Gold opened quietly upward this morning trading near yesterday’s closing price until Chicago Fed Governor Charles Evans made comments to CNBC which caused the price to jump over $40 per ounce. In an interview this morning, the voting member of the Fed’s Open Markets committee (the committee which votes on monetary policy) told CNBC reporters that the Fed needs to be more aggressive with its policies.

More specifically, Evans called for quantitative easing programs to continue until the unemployment rate has fallen from 9.1% to below 7% or until core inflation reaches 3%. “Strong accommodation needs to be in place for a substantial period of time. If we could sort of make everybody understand that this is going to be in place for a longer period of time, we could knock out some of that restraint that comes about when people talk about premature tightening. If these comments are any indication of the direction the Open Markets committee might take next month, it could mean another serious blow to the dollar which bodes well for gold prices.

Though Fed Chairman Ben Bernanke was silent on the topic of a third round of quantitative easing last week, he left the door open for a more lengthy discussion on the topic at the Fed meeting next month. As today’s comments come only weeks after the Fed’s unprecedented decision to commit to near zero interest rates for the next two years, a relatively clear picture of the Fed’s priorities is coming into focus. From the first two QE programs to the latest announcement about interest rates, there seems to be nothing the Fed won’t do to bolster growth, even at the expense of the dollar. By all accounts, they seem to be telling the markets that monetary policy will be forged to boost the economy where inflationary pressures will be largely ignored. In this environment, there simply isn’t a good argument against higher gold prices.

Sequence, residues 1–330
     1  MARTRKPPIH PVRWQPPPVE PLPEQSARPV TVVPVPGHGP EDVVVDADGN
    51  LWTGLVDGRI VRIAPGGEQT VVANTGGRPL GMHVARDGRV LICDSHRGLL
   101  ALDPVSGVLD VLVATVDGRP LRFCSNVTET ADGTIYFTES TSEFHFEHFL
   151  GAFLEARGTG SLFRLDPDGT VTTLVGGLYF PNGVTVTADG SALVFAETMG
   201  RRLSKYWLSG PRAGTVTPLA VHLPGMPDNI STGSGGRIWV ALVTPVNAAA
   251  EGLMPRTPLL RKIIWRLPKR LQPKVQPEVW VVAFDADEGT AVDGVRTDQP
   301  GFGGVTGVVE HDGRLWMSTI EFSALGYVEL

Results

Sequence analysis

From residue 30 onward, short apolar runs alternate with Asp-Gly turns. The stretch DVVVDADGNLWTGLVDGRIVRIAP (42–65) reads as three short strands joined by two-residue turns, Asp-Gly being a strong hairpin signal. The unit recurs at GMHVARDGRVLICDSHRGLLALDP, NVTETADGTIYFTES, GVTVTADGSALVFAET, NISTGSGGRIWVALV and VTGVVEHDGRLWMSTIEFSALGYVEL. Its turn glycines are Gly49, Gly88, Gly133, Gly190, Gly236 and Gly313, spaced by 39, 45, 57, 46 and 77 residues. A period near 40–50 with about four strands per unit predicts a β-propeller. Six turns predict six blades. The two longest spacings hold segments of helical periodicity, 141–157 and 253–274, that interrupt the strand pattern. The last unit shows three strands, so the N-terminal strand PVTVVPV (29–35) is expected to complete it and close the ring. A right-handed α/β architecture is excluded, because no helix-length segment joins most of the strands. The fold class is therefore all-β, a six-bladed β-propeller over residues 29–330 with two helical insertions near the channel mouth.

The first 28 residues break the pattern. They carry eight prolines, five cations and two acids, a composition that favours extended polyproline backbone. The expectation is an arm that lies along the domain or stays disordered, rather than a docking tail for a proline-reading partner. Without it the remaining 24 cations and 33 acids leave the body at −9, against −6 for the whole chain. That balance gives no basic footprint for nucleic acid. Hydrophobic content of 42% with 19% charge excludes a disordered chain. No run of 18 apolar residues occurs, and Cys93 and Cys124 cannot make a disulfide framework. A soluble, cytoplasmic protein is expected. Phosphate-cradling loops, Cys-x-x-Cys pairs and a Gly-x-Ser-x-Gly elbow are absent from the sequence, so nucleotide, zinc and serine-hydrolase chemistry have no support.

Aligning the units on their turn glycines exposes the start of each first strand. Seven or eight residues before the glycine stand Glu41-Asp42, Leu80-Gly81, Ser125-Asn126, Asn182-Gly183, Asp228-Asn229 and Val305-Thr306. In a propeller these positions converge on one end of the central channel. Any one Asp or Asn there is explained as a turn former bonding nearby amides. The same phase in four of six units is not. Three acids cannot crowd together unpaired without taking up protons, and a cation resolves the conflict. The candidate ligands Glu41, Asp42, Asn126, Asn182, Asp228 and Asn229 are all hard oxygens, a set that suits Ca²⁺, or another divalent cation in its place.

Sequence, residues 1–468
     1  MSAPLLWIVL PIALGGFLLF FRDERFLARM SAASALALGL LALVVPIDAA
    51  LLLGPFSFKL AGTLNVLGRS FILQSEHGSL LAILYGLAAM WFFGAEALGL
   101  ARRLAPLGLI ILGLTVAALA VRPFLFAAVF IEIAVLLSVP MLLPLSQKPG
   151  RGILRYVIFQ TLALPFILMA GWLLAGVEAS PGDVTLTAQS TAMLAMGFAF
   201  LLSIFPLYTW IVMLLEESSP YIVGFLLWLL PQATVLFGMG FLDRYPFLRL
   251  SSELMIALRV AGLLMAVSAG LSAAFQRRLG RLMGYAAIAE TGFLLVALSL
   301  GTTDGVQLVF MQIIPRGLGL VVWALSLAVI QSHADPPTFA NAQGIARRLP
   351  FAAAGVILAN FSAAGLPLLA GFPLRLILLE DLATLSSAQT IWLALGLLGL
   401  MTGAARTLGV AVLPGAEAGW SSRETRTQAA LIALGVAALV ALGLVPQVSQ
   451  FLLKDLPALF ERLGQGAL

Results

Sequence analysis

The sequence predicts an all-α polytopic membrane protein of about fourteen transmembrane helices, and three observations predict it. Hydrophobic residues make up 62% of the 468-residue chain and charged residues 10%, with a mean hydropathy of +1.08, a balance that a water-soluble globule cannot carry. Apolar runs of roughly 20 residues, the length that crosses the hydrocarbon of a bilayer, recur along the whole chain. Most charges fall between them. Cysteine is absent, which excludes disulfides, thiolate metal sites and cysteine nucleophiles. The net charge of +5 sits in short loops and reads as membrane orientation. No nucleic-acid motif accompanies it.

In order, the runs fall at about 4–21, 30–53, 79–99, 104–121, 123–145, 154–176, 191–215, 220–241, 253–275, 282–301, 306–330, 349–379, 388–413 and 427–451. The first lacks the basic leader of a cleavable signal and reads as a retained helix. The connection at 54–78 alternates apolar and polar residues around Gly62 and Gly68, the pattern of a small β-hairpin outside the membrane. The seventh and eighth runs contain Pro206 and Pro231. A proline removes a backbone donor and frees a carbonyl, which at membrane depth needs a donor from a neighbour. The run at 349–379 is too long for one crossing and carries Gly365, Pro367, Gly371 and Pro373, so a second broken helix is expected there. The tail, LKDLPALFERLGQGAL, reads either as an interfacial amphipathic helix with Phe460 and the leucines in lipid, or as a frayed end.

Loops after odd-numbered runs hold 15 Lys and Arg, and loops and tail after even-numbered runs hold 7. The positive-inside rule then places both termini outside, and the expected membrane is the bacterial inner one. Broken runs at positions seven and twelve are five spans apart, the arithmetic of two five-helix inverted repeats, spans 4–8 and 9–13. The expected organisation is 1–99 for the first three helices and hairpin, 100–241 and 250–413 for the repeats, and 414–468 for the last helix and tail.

Given the way the economy is growing and inflationary pressures are not nearly as strong as a lot of people think, I think that there's room for accommodation, Evans continued in his CNBC interview. As long as medium-term inflation stays below 3 percent we could continue to have a low funds rate.

Of course the only problem with this argument is that it’s based on the assumption that by turning off the faucet of easy money when inflation does show up that the problem can be instantly stopped. Is it reasonable to think that by stopping the printing presses when core inflation hits 3% that the problem will simply go away? Keep in mind that it’s taken years of loose monetary policy and trillions of dollars of stimulus money to set the inflationary stage. While some Fed analysts may think they can hit the kill switch and stop inflation in a day, the markets disagree. Gold at $1830 this morning is a testament to that fact.